For the last six months, Jose Juan Moreno has been confined to a small room above the University Church on Chicago’s South Side. Safe inside, he cannot venture more than 50 steps from the corner where he sleeps. If he goes beyond that, US authorities have promised to deport him from the country.
Although he has lived 17 years in Chicago — the only home any of his five American-born children have ever known — Moreno originally crossed the border from Mexico without papers. Under US law, that means he is subject to arrest and deportation at any time, a status he shares with 11 million people in the United States considered “undocumented.”
Earlier this year, Moreno received a deportation order from Immigration and Customs Enforcement (ICE), the authority that carries out the raids and arrests that represent the strong arm of national immigration policy. He was told to leave by April 15, otherwise he’d be deported.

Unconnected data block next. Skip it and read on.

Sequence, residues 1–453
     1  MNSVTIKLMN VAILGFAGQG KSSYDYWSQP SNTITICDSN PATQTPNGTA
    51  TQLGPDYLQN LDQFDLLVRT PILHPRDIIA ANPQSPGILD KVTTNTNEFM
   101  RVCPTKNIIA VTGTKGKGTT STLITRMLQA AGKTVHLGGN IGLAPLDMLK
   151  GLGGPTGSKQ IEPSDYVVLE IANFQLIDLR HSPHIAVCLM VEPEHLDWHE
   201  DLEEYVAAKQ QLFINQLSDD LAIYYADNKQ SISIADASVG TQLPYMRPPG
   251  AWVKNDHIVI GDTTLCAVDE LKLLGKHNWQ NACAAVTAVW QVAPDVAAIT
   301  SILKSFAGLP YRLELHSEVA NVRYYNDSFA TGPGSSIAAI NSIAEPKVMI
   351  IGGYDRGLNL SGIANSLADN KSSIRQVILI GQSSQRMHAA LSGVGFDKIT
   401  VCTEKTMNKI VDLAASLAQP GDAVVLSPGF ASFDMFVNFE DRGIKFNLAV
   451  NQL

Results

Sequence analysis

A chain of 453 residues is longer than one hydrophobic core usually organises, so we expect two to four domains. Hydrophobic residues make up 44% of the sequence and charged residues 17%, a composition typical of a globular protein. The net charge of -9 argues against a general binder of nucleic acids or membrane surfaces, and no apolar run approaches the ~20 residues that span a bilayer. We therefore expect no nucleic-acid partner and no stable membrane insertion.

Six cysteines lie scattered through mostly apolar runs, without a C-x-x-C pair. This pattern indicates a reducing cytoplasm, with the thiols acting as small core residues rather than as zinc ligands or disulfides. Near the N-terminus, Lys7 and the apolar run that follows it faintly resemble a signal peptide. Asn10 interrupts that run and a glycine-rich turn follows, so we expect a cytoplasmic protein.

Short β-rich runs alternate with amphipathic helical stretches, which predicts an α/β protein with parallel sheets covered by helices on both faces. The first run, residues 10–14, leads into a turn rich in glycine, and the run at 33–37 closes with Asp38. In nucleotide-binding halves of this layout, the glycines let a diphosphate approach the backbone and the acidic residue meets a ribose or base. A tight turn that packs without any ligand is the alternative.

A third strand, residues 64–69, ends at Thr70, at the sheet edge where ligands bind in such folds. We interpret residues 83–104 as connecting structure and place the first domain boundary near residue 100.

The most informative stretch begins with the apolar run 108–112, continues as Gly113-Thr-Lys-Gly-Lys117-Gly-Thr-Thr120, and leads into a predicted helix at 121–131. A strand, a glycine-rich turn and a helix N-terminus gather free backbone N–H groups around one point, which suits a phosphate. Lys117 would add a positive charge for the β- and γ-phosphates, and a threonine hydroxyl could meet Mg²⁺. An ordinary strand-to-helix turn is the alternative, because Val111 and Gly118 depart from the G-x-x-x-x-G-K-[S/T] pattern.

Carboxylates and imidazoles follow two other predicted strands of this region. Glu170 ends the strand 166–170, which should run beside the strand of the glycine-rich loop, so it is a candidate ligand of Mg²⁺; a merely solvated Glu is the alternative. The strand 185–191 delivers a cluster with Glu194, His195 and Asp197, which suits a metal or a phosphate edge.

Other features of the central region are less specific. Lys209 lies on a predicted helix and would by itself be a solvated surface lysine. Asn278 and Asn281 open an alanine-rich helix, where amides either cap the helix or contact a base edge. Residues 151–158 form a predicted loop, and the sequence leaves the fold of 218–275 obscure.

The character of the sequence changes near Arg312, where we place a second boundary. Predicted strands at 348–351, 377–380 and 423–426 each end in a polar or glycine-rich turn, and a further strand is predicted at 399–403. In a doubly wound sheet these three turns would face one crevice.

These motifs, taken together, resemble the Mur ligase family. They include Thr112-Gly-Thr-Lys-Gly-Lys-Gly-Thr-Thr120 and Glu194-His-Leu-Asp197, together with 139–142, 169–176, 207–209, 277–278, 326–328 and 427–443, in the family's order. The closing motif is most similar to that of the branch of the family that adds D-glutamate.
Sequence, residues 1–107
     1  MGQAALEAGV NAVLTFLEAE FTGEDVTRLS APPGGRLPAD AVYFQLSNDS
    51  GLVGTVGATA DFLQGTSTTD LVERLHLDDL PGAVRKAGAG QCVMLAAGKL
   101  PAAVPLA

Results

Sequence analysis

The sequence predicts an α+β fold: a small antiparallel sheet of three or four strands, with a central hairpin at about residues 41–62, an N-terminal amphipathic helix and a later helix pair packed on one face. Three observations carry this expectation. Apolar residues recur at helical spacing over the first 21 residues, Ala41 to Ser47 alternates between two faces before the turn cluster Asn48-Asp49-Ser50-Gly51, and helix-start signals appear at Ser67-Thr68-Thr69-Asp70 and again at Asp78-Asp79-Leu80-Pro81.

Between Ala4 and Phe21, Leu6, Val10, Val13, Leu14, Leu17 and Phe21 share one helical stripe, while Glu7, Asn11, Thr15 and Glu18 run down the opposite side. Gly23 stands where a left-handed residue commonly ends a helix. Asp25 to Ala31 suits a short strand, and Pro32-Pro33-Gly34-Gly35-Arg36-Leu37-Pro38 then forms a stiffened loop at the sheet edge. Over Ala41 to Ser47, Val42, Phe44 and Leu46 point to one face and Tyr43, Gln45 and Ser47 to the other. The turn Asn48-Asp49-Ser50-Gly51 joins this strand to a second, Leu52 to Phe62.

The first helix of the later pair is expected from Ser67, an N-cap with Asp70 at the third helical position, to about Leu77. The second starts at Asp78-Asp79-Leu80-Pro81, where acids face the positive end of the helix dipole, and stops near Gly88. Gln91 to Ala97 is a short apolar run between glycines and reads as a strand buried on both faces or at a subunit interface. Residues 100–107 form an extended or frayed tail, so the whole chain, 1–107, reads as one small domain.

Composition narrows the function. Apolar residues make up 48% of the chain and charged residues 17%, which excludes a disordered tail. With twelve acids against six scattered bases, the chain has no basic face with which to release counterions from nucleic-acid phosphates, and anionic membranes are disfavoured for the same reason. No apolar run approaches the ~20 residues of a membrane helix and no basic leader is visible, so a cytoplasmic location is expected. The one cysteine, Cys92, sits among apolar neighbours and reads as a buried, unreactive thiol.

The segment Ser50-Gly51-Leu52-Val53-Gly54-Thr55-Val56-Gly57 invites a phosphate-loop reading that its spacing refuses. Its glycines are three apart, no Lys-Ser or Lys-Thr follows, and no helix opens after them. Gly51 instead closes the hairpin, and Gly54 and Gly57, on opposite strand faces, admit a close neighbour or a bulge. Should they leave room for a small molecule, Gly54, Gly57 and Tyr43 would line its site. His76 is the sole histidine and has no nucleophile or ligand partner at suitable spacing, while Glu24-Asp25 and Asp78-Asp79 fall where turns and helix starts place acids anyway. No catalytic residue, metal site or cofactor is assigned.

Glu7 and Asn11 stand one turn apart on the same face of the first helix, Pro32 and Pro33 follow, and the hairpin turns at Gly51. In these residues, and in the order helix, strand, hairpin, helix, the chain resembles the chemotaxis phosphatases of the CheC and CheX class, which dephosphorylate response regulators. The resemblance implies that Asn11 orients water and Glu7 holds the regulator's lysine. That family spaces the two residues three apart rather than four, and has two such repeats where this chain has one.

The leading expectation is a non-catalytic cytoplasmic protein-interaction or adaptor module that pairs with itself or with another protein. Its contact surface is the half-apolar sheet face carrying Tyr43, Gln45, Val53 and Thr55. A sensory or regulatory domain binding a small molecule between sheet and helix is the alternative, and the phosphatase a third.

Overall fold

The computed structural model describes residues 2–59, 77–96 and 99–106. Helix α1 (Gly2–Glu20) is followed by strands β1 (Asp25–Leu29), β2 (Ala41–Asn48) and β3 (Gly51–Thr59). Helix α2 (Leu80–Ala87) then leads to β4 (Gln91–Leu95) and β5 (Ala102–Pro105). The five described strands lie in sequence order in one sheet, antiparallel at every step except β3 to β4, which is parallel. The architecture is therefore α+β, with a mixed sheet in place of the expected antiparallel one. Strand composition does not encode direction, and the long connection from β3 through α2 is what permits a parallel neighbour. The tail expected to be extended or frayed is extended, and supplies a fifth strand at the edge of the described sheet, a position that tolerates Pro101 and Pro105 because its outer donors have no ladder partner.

In response, Moreno did the only thing he could think of — he sought sanctuary in the church, praying that even if the authorities would not respect his family or his long years of work in the US, at least they might respect the sanctity of a holy place.
So far, they have. But for how much longer is anybody’s guess.
“I came to this country for the same reason everyone does, to work for a better future for my family,” Moreno told Truthout. “We didn’t have opportunities to do so back in Mexico,” he explained, noting that he came in order to support the mother and siblings he left behind in the state of Zacatecas.
Moreno’s case underscores the uncertainty that continues to face undocumented people across the country today, many of whom live in the shadows, despite promises by President Obama that he would work to improve conditions.
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